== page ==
And feel free to try to find the Bohemian Grove, where for decades the rich and powerful (including several U.S. presidents and the 1942 Manhattan Project scientists) have held a two-week retreat every summer, burned a wooden coffin under a 40-foot owl sculpture and, according to a 1989 Spy magazine article, “pee wherever they like.” Their motto: “Weaving spiders come not here.” As we seemed to get close, uniformed constabulary marched our way at least somewhat menacingly.
Just as pastoral is West Dry Creek Road, which has no shoulders and wends its way through weathered vineyards planted with some of the world’s oldest and best zinfandel grapes. Many of the wineries there have prime picnic spaces with stunning vistas.
At the north end of that road, Anoka native Andy Cutter lives and makes his Duxoup (yes, pronounced “duck soup”) wines. Cutter has been there for more than three decades, keeping the operation small enough for most of the work to be done by him and his wife, Deb (there’s no tasting room). They have resisted following some of their neighbors in selling out to gazillionaires, who generally pull out the zin vines and plant cabernet sauvignon.
“There is so much money sloshing around,” said Cutter, a tall, bearded man whose well-worn smile lines and frequent cackles belie his somewhat Bunyan-esque countenance. “For some unexplainable reason, either Bernie Madoff logic or romance of the wine, tons of loot is being poured into wine schemes.”
Still, in the Dry Creek and Alexander Valleys, one sees endless signs for multigenerational Italian families (Pedroncelli, Seghesio, Teldeschi, Rafanelli), and a scant few for nouveau vintners. The men and women on the tractors are more likely to have been born on this land than to be working for some latter-day Oliver Wendell Douglas, the city slicker turned farmer in “Green Acres.”
More character and characters
The changes in northern and western Sonoma, then, have been incremental and subtle.
More wineries charge tasting fees, but they’re still generally nominal and are usually waived if you buy a bottle or three. New multipurpose food and wine buildings — the Shed in Healdsburg, Barlow in Sebastopol — have taken root. But they’re paragons of Wine Country casual chic, more inviting than imposing, with stands of insanely fresh produce and breads next door to superb winery tasting rooms such as Wind Gap, La Follette and MacPhail.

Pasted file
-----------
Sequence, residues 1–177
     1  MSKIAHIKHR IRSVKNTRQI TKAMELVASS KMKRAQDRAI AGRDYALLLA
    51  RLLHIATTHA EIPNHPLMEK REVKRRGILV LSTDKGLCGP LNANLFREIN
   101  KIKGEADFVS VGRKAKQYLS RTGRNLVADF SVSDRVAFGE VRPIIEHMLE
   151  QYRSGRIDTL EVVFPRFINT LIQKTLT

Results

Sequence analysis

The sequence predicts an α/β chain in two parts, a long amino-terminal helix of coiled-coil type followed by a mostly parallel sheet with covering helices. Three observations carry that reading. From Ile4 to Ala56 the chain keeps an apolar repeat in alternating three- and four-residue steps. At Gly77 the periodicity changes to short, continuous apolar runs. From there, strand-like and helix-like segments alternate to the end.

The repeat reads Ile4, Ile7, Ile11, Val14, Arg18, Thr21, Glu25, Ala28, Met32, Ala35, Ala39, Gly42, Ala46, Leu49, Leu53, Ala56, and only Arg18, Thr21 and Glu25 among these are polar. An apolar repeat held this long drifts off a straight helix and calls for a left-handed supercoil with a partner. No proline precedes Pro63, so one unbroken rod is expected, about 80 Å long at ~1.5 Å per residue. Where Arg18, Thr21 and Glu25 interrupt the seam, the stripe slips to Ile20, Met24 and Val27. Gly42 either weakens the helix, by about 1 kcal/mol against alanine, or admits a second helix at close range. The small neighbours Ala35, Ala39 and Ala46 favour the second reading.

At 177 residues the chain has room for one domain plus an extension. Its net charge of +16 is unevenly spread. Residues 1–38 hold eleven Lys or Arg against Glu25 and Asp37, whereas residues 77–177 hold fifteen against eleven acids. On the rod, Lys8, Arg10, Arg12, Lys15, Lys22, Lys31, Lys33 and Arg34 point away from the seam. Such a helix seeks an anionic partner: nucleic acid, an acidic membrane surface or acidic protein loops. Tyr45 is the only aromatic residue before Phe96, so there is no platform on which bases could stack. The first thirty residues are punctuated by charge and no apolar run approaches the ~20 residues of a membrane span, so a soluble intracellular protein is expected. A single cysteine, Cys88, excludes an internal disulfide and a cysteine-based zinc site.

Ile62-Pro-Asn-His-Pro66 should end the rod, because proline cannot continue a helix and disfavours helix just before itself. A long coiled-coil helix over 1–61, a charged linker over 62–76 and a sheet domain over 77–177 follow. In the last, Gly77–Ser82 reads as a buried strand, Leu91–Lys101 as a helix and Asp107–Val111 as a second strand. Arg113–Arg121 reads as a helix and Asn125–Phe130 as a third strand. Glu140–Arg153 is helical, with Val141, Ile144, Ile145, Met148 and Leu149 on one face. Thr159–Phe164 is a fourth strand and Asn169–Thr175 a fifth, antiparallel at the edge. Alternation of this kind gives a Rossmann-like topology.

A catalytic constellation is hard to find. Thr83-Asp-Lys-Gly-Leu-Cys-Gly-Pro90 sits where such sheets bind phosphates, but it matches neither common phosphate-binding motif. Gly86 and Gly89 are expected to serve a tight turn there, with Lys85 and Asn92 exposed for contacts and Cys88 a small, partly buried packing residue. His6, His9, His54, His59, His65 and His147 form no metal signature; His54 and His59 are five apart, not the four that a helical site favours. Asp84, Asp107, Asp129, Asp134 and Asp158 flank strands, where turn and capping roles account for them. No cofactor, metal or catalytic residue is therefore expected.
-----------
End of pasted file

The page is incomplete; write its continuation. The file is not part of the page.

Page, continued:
Healdsburg, for decades known as the “buckle of the prune belt,” has gotten ever more gentrified, especially in and around its still-charming town square, but retains its easygoing pace. Smithsonian magazine recently listed it second among America’s top small towns (15,000 and under), and it’s a perennial in Fodor’s “top 10 small towns” listings.
In much of this bailiwick, though, little has changed. Cranky aging hippies look suspiciously at strangers in Cazadero. A bartender at River End was telling us about a place in tiny Valley Ford with a wonderful name: Rocker Oysterfeller’s. “If you go,” he said, “you might not want to talk too much politics, especially if you’re a Republican.”
Along the western leg of the Russian River, gay-friendly Guerneville and Monte Rio could pass for mid-20th-century towns, complete with five-and-dimes. They’re packed with small houses that generally are occupied in the festival-happy summers and available for rent in the winter, a fabulous salve for anyone who gets cabin fever (and for those of us who love the cabin experience without the hassle of owning one).
Several years back, we rented a house with a tree growing up the middle of it and a hot tub in the front yard that once had been part of a Jesuit enclave. I can’t imagine that it gets any more California than that.
Upon departing, sated beyond words, we drove past a block-wide, overhanging sign that appeared to date to WPA days. It reads: “Monte Rio awaits your return.”
Not as much as we do.
Follow Bill on Twitter @billward4